Thursday, 8 March 2018

GIG REVIEW: Pokey LaFarge - 02 Institute, Birmingham. Wednesday 7th March 2018

Few could remember the last time Pokey LaFarge played Birmingham; a situation now suitably remedied after a packed Institute rocked to the core of American roots music. In a vibrant haze of the sounds of the South floating north to where it gets a touch more rusty, bands getting close to the authenticity of our headliners tonight are rare on the ground. The line-up may be slightly impeded with the temporary side lining of one of its main players, but an exuberant audience rose to the challenge to fill the gap. It helped that Pokey and his three accomplices turned in a scintillating performance of rip-roaring music. Throw in smidgeons of old time country, blues, jazz and rock ‘n’ roll take you into Pokey LaFarge territory, but it is how these styles are executed that gets folks fully on board, a successful formula keeping the band firmly in prime time exposure over the last decade.

For an hour and half this evening, the art of rocking, serenading, rejoicing and participating filled the air, all orchestrated by the charisma of Pokey. It helps if you have an ace guitarist as good as Adam Hoskins at your right hand side and a rhythm section in the guise of Matt Myers (drums) and Joey Glynn (upright bass) keeping impeccable time. Filling the gap left by the accident recovering fifth member Ryan Koenig has been a critical task facing the band on this return to European venues and the success can only be measured by the reception given to the remaining quartet playing their hearts out.

Right from the opening bars of ‘Better Man Than Me’, taken from the latest album, through to classic Pokey in the crowd engulfing ‘La La Blues’, the pace only frequently dipped, and that was for songs packed with a slice of privileged sensibility. A key moment occurred straight into the encore when the uplifting chorus of ‘Cairo Illinois’ threaded through an enthralled gathering. Earlier Pokey had given his band members a brief breather to allow him the space to deliver ‘Josephine’ in all its emotion. However, this proved a solo exception as the entity of the unified band decorated the evening that few would argue peaked with a rousing version of ‘Central Time’.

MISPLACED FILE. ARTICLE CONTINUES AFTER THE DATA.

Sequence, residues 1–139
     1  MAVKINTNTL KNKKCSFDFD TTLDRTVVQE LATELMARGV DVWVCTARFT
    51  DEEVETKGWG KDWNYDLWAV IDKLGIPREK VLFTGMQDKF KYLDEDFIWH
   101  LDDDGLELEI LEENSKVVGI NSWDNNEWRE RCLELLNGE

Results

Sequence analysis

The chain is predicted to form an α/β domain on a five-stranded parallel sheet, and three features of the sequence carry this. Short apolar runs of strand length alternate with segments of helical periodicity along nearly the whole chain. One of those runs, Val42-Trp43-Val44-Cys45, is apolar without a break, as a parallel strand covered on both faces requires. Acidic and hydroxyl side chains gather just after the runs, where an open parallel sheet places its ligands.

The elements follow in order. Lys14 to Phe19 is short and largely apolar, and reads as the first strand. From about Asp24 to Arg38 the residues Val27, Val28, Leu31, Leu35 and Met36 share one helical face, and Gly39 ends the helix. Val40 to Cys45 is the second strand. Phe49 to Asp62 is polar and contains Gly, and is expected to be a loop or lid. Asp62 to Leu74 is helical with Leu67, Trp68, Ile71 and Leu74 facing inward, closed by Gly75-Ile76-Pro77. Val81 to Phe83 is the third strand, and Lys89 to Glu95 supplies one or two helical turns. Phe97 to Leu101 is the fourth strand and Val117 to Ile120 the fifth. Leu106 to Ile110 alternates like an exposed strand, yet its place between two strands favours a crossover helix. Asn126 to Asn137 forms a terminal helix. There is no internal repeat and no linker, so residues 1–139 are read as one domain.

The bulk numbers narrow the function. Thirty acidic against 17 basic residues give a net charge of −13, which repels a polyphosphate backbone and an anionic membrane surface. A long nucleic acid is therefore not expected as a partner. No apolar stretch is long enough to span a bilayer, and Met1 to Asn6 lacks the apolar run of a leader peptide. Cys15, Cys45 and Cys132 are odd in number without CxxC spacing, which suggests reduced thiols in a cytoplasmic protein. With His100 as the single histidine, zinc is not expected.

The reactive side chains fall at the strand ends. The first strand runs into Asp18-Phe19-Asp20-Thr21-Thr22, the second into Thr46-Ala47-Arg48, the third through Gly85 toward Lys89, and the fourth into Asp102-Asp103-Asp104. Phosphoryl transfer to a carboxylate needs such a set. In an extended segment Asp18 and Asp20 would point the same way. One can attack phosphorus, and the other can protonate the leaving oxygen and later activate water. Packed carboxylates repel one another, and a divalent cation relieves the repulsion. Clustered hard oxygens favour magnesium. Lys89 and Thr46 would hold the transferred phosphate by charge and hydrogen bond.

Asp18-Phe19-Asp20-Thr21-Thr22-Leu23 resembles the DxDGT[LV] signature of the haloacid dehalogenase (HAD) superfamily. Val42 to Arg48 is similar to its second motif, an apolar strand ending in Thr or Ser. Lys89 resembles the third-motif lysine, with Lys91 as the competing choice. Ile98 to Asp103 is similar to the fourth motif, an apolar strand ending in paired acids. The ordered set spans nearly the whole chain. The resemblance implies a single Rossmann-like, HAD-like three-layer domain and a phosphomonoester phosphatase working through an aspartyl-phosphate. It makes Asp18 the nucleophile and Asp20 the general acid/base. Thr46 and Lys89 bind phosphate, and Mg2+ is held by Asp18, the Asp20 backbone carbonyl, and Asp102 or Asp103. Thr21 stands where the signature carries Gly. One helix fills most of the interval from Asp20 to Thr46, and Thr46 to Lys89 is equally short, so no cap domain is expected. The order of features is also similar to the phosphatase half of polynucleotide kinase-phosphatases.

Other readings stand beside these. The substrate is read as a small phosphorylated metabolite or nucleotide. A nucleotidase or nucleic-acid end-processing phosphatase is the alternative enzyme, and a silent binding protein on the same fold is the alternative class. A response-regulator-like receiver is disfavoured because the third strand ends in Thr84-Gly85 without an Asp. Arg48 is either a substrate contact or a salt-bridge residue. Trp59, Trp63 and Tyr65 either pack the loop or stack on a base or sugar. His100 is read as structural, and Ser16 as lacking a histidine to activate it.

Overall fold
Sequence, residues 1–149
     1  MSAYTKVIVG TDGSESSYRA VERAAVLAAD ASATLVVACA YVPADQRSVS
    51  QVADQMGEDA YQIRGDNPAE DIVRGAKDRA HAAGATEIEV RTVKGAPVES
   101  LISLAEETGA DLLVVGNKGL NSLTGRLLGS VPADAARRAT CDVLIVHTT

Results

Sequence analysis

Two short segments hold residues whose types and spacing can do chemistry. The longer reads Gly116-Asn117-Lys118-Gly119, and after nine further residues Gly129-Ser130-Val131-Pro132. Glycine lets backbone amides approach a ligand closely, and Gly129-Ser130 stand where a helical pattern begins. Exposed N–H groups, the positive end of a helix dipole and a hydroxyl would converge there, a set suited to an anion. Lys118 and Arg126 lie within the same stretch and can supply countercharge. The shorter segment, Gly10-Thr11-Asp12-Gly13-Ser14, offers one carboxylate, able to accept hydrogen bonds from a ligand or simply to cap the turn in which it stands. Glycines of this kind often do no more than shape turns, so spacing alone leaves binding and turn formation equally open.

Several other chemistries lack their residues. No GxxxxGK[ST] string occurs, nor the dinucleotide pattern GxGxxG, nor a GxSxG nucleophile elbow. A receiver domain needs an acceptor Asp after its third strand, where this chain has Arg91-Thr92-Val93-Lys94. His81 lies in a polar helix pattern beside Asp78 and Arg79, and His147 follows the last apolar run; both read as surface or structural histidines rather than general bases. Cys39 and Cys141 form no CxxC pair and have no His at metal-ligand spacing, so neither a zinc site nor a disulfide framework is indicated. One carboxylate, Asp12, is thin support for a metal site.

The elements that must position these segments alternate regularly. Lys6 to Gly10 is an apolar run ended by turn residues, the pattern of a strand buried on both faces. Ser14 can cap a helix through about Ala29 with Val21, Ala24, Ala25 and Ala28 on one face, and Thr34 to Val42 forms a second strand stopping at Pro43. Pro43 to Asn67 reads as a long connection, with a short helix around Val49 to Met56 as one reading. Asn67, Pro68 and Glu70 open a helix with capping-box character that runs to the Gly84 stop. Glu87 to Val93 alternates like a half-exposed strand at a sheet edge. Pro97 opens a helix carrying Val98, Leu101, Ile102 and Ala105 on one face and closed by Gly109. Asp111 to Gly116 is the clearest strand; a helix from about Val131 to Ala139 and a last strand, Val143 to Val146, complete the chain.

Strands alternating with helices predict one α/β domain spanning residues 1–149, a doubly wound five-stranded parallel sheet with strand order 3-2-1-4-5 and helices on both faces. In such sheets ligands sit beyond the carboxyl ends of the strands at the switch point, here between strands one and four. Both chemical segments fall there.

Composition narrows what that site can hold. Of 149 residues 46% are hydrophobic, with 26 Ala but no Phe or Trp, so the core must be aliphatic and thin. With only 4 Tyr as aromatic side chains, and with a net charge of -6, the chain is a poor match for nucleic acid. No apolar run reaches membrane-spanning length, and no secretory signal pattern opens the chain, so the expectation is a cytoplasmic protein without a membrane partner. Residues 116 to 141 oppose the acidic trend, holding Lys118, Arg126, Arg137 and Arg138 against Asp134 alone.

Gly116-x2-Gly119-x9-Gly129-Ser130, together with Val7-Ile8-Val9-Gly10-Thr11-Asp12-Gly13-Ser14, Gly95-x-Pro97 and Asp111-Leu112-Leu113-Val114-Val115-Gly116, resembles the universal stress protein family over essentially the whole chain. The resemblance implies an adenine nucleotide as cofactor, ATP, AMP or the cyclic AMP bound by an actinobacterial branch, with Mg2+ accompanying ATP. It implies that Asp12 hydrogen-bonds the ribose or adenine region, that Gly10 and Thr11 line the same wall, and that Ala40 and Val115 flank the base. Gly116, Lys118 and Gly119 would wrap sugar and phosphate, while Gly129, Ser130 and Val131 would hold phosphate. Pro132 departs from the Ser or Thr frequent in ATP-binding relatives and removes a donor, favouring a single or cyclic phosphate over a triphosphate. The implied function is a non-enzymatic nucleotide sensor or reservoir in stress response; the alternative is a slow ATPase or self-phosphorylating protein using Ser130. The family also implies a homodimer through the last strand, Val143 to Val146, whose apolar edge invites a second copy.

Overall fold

Other notable tunes on the evening came in the waltzing melody of ‘Goodbye, Barcelona’, the indulgent ‘Drinkin’ Whiskey Tonight’ and the smart lyrics making ‘Something in the Water’ more than just a supreme album lead off title track. Pokey does not leave too much gap between records, and with last year’s release, MANIC REVELATIONS still finding new homes, hot off the press material is getting a preview as exemplified by this evening’s playing of a song titled ‘Rotterdam’

Whatever number played, a dedicated fan base lapped up every moment of their hero playing a full-length performance in a Midlands town. From a personal perspective, the delights of seeing them play festival sets at Cambridge in 2014 and Forecastle in 2016 were blown away by a sparkling performance that totally ruled a venue.

Opening for Pokey LaFarge on this tour is New Orleans-based country singer-songwriter Esther Rose, who accompanies her own acoustic guitar with a lap steel playing sidekick. Together, they blend a contrasting sound formed of atmospheric twang and a vocal style capable of bringing any remote dive bar to heal. Whereas Pokey takes the southern sound north, Esther took it further west. More the wide open spaces of New Mexico than the tightly knit semi-urban communities of southern Illinois. The title track from her recent album ‘This Time Last Night’ proved the consensus pick of the half hour set.

Consensus on Pokey LaFarge was rock solid on the overall appeal and only likely to be open to debate on which song proved the crowning moment. No doubt, a school of thought put the whole evening on a pedestal and that would be an assessment difficult to oppose. Winners were all round though: a band having a ball of a time; an audience grasping a rare opportunity to see a true American roots band in full glory and maybe just a city showing that it can come to the fore with supporting this type of music.

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